Covid-19 Special Feature on Market Impacts
The Covid-19 exogenous impacts
With so much to cover in a Covid-19 environment I'm going to touch on some common themes, but bring them down a level and explain how all these measures and causality effects touch and impact everyday lives as the world moves further into a global lockdown scenario.
Covid-19 Impact on Government Fiscal Policy
“Governments are competing over the size of their stimulus plans” – Stephen Innes (AxiCorp)
At times it feels like we're walking through Wonderland; at certain points it all seems to make sense, but when do we know we’re falling down the Rabbit Hole?
Governments are showering their economies with fiscal love and dolling out Readers' Digest prize draw-style giveaways of USD 1,000 for every adult. This will be most welcome for everyone who’s lost their job, but it’s also part of the problem: a $1,000 check buys lots of toilet rolls but, in a lockdown, it doesn’t save jobs at a bar or cinema. Giving cash toconsumers focuses on phase two – supporting the bounce back – but has less effect on avoiding a double demand dip (phase one).
Covid-19 impact on Central Banks
“Nobody ever accuses a firefighter of using too much water” – Stephen Poloz (Bank of Canada Governor)
The central bank response to Covid-19 has been swift and actionable – none more so than what we saw from the US Federal Reserve this week when it pledged not only to monetize all US government debt, but also provide central banks around the world with an adequate supply of US dollars. Indeed, drastic times call for extreme measures to instill an orderly functioning of the capital market across the globe. In lockstep to the Fed, unprecedented liquidity deluges from central banks around the world have been the order of the day.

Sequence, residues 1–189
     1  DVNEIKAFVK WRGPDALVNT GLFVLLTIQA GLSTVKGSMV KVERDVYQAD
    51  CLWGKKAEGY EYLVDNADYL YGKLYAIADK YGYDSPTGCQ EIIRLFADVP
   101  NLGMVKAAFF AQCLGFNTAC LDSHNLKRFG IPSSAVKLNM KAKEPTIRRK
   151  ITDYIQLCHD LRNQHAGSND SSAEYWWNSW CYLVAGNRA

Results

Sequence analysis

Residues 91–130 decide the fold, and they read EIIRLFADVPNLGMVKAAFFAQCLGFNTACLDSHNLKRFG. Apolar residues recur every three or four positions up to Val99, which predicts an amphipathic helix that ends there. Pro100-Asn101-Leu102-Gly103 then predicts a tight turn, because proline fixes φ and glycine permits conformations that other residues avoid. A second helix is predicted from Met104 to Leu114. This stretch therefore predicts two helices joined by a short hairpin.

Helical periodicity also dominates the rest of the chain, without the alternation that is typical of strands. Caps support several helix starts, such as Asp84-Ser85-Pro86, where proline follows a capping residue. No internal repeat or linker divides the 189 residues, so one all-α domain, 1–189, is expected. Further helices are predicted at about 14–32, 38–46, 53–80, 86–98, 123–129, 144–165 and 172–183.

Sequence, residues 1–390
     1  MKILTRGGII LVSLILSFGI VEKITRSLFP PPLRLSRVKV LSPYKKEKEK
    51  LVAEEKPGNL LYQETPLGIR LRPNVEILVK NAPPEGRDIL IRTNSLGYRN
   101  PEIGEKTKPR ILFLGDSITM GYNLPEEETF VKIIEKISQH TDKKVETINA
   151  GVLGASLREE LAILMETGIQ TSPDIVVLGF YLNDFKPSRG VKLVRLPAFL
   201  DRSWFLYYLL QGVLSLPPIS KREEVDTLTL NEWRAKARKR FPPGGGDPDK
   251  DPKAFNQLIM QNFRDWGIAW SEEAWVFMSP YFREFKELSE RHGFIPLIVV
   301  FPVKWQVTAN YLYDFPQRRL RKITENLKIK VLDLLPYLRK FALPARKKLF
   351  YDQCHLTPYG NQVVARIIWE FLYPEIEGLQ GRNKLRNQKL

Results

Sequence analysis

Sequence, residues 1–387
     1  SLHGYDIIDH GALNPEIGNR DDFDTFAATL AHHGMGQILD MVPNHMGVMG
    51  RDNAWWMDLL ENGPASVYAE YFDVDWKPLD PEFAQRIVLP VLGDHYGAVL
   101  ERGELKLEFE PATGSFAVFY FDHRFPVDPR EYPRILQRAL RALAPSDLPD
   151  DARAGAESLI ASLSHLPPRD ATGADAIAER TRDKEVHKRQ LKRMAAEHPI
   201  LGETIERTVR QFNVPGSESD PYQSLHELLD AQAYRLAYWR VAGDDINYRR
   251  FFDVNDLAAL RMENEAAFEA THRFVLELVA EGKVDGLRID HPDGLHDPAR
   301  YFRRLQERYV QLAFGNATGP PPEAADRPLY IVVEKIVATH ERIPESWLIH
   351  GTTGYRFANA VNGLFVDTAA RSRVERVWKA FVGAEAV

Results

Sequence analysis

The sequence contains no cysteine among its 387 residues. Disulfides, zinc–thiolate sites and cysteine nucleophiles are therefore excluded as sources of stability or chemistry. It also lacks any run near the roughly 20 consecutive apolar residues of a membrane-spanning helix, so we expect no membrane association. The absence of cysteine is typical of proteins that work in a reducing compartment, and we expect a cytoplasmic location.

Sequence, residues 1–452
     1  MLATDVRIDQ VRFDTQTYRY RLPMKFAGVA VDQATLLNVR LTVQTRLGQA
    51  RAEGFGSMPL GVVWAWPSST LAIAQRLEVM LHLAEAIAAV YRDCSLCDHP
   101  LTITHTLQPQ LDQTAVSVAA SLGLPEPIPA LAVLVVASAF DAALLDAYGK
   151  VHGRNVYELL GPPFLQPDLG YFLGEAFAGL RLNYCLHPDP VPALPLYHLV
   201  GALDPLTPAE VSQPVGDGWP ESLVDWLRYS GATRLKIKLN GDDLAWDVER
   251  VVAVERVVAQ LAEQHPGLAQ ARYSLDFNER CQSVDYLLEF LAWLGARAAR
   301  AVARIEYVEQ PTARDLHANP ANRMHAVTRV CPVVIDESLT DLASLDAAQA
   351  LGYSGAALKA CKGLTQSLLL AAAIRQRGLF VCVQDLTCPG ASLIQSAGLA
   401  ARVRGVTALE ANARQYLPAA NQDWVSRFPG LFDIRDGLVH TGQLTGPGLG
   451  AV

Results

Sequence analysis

Covid-19 impact on economic forecasts
Every week, economic teams around the world, along with central bankers, are downgrading economic outlooks and we’re moving into the fourth level of their downward revisions.
As lookdowns and travel restriction intensify, we've already seen four global GDP downgrade revisions from some of the best economic minds in the world in the span of two weeks as we morphed from a transitory health scare to the next possible great depression.
But, currently, most of the people getting rolled out by the media are running with the assumption that while this tumult will be the deepest recession in modern-day financial history, it will also be the shortest. But if you follow my blog you know I never follow Wall Street in the media, instead deferring to banks and my quant analysis, which is devoid of opinion.
So, with that in mind, since it's impossible to quantifiably gauge the ultimate economic impact or the duration of the Covid-19 pandemic for weeks or possibly months, until we reach that point the sustainability of any rally in stocks is questionable.
Covid-19 and the use of non-traditional data
Who would have thought traders would start using OpenTable restaurant data and TomTom traffic monitors to gauge the extent of the Covid-19 impact on the real economy? Well, that's precisely what's happening. Economics in the time of Covid is a different beast, with the best data being real-time that provides insight into the extent of the slowdown. One of the more interesting ones is traffic data from TomTom; it shows the speed with which cities went into a virtual shutdown – here’s the link to play with: TomTom Traffic Application